1st Sunday after Trinity

Collect

O God,
the strength of all those who put their trust in you,
mercifully accept our prayers
and, because through the weakness of our mortal nature
we can do no good thing without you,
grant us the help of your grace,
that in the keeping of your commandments
we may please you both in will and deed;
through Jesus Christ your Son our Lord,
who is alive and reigns with you,
in the unity of the Holy Spirit,
one God, now and for ever.

 

Genesis 3.8-15

The man and his wife heard the sound of the LORD God as he was walking in the garden in the cool of the day, and they hid from the LORD God among the trees of the garden. But the LORD God called to the man, “Where are you?”

He answered, “I heard you in the garden, and I was afraid because I was naked; so I hid.”

And he said, “Who told you that you were naked? Have you eaten from the tree from which I commanded you not to eat?”

The man said, “The woman you put here with me – she gave me some fruit from the tree, and I ate it.”

Then the LORD God said to the woman, “What is this you have done?”

The woman said, “The serpent deceived me, and I ate.”

So the LORD God said to the serpent, “Because you have done this,

     “Cursed are you above all the livestock
         and all the wild animals!
     You will crawl on your belly
         and you will eat dust
         all the days of your life.
     And I will put enmity
         between you and the woman,
         and between your offspring and hers;
     he will crush your head,
         and you will strike his heel.”

 

2 Corinthians 4.13-5.1

It is written: “I believed; therefore I have spoken.” With that same spirit of faith we also believe and therefore speak, because we know that the one who raised the Lord Jesus from the dead will also raise us with Jesus and present us with you in his presence. All this is for your benefit, so that the grace that is reaching more and more people may cause thanksgiving to overflow to the glory of God.

Therefore we do not lose heart. Though outwardly we are wasting away, yet inwardly we are being renewed day by day. For our light and momentary troubles are achieving for us an eternal glory that far outweighs them all. So we fix our eyes not on what is seen, but on what is unseen. For what is seen is temporary, but what is unseen is eternal.

Now we know that if the earthly tent we live in is destroyed, we have a building from God, an eternal house in heaven, not built by human hands.

 

Mark 3.20-35

Jesus entered a house, and again a crowd gathered, so that he and his disciples were not even able to eat. When his family heard about this, they went to take charge of him, for they said, “He is out of his mind.”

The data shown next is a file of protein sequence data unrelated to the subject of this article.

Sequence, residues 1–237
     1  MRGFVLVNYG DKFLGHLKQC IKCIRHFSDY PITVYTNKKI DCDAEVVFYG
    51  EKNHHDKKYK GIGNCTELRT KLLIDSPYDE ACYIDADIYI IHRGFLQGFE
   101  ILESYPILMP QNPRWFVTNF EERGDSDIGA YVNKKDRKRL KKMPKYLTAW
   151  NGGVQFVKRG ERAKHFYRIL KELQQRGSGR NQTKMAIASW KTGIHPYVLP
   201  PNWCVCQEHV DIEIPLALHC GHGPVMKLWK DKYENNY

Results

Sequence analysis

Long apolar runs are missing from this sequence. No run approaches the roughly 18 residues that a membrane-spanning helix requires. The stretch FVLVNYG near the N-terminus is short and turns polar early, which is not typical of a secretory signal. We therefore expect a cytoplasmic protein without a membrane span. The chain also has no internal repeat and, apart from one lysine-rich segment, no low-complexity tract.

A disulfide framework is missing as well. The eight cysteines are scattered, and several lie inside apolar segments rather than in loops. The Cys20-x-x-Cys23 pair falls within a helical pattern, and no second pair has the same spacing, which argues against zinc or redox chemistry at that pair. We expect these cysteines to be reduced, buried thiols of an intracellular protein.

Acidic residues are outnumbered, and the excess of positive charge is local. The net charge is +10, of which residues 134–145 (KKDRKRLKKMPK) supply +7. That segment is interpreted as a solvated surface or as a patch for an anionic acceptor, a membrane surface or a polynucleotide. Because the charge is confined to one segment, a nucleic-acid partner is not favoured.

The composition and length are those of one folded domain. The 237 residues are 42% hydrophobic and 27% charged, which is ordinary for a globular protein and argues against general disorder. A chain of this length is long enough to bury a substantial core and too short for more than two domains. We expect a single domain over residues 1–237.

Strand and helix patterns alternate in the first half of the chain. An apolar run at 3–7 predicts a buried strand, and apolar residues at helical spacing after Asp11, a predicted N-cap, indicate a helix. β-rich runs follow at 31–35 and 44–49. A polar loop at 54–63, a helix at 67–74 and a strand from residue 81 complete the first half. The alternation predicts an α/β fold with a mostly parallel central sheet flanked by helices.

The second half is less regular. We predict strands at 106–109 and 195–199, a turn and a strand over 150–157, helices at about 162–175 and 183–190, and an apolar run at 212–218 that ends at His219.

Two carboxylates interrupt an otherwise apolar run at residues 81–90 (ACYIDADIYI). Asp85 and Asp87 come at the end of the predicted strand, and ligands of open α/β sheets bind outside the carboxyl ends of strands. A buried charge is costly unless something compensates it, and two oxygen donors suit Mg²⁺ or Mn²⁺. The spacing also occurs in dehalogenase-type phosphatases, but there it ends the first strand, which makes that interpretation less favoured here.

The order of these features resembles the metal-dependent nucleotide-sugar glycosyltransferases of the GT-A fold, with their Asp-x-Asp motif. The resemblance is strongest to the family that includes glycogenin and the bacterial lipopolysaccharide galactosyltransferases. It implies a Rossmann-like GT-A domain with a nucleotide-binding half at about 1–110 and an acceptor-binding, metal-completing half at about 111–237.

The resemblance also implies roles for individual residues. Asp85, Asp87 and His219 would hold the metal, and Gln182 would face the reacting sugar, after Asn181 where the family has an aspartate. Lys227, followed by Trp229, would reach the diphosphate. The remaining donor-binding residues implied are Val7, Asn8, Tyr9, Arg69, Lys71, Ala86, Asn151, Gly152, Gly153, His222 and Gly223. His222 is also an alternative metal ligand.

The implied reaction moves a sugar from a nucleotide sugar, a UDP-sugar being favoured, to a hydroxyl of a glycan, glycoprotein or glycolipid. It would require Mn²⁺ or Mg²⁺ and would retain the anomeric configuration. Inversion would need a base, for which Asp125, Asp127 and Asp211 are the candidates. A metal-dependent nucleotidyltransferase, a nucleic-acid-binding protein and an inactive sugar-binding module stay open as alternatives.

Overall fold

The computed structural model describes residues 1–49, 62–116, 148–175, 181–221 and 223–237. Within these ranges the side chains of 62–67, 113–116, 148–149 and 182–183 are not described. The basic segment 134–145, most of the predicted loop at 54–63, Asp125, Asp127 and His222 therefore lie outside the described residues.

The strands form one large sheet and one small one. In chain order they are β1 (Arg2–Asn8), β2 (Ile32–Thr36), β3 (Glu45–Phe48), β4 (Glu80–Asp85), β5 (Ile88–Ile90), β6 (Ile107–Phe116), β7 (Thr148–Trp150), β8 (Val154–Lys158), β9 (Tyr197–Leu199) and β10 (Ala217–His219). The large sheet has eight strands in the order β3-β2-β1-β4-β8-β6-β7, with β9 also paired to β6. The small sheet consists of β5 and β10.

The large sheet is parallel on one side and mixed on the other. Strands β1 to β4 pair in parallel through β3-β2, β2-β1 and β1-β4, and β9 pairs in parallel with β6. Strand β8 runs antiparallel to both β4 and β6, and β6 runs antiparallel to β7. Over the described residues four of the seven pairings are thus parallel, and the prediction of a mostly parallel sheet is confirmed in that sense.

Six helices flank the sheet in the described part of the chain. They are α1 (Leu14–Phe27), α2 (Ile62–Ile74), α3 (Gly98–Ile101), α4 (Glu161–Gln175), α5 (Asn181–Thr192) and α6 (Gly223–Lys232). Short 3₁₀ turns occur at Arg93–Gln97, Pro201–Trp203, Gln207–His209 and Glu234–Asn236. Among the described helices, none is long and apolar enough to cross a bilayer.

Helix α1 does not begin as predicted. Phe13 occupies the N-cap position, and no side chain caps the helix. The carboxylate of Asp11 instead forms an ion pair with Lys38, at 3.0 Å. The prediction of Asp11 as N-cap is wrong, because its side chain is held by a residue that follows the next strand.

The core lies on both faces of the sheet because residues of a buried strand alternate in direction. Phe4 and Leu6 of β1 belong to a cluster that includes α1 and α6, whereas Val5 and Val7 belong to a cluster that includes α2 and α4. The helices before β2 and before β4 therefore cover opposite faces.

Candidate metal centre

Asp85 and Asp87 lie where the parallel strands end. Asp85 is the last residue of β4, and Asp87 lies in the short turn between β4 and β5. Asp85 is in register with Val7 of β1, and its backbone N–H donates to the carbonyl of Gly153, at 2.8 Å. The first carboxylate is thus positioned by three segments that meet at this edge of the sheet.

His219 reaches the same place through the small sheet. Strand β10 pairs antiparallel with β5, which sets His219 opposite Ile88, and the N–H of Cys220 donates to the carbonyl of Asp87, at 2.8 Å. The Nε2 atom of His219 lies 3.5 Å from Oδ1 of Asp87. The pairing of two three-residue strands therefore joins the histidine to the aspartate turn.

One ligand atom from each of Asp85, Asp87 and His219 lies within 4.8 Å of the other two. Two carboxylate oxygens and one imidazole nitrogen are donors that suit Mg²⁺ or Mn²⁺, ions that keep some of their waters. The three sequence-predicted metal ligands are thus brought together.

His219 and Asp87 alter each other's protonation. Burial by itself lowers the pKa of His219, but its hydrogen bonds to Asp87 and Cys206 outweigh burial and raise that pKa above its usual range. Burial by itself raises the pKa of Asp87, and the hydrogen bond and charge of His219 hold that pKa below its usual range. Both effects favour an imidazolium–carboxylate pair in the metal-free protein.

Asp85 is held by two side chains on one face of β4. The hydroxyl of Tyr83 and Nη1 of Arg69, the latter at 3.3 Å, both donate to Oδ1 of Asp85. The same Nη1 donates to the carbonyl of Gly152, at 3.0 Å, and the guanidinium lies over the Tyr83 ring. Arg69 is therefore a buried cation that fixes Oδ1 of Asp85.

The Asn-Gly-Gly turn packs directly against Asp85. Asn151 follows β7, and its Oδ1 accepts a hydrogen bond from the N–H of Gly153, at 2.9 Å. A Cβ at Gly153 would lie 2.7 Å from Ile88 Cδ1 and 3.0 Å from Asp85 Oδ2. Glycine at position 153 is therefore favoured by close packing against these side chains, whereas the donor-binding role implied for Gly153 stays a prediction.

And the teachers of the law who came down from Jerusalem said, “He is possessed by Beelzebub! By the prince of demons he is driving out demons.”

So Jesus called them and spoke to them in parables: “How can Satan drive out Satan? If a kingdom is divided against itself, that kingdom cannot stand. If a house is divided against itself, that house cannot stand. And if Satan opposes himself and is divided, he cannot stand; his end has come. In fact, no-one can enter a strong man’s house and carry off his possessions unless he first ties up the strong man. Then he can rob his house. I tell you the truth, all the sins and blasphemies of men will be forgiven them. But whoever blasphemes against the Holy Spirit will never be forgiven; he is guilty of an eternal sin.”

He said this because they were saying, “He has an evil spirit.”

Then Jesus’ mother and brothers arrived. Standing outside, they sent someone in to call him. A crowd was sitting around him, and they told him, “Your mother and brothers are outside looking for you.”

“Who are my mother and my brothers?” he asked.

Then he looked at those seated in a circle around him and said, “Here are my mother and my brothers! Whoever does God’s will is my brother and sister and mother.”

 

A Reflection by Rodney Fox

 

Nothing stays the same for long.  Last weekend we were treated to a brief taste of summer, with clear blue skies and temperatures in the twenties.  Some brave folk, like my daughter, were even tempted to venture into the sea for a rather chilly swim.  But by Wednesday the sky was clouding over, there was a short shower to dampen our spirits and the temperature started to fall again.  In the church calendar, weeks of celebrating first Easter, then the Ascension and Pentecost and, most recently, the glorious mystery of the Holy Trinity, have come to an end and the mood has shifted as we read this morning about how both Paul and Jesus experienced difficulties, suspicion and opposition, from the people around them.

 

No one knows what the apostle Paul actually looked like, but legend has it that he was short, bald and had a large nose.  His eyesight never fully recovered after he was blinded on the road to Damascus so that he had to dictate his letters to a scribe and, if he did add a personal greeting in his own hand, he wrote in large, clumsy letters.  So, he probably screwed up his eyes in a permanent frown, giving him a somewhat formidable appearance, which his notoriously abrupt manner did nothing to counter.  The picture on the cover of our service sheet at St Peter’s this morning, although it is only the product of the artist’s imagination, seems to capture something of the outwardly forbidding character of the apostle.